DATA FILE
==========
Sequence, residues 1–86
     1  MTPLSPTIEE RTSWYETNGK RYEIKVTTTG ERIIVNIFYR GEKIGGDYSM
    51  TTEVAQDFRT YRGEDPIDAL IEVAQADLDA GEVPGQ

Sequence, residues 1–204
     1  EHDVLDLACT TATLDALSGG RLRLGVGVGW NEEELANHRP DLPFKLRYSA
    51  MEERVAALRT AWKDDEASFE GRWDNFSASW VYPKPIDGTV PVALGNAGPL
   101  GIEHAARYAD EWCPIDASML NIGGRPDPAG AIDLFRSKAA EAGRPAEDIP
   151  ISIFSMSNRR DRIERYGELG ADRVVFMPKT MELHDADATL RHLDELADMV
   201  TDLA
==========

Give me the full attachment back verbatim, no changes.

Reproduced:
Sequence, residues 1–86
     1  MTPLSPTIEE RTSWYETNGK RYEIKVTTTG ERIIVNIFYR GEKIGGDYSM
    51  TTEVAQDFRT YRGEDPIDAL IEVAQADLDA GEVPGQ

Sequence, residues 1–204
     1  EHDVLDLACT TATLDALSGG RLRLGVGVGW NEEELANHRP DLPFKLRYSA
    51  MEERVAALRT AWKDDEASFE GRWDNFSASW VYPKPIDGTV PVALGNAGPL
   101  GIEHAARYAD EWCPIDASML NIGGRPDPAG AIDLFRSKAA EAGRPAEDIP
   151  ISIFSMSNRR DRIERYGELG ADRVVFMPKT MELHDADATL RHLDELADMV
   201  TDLA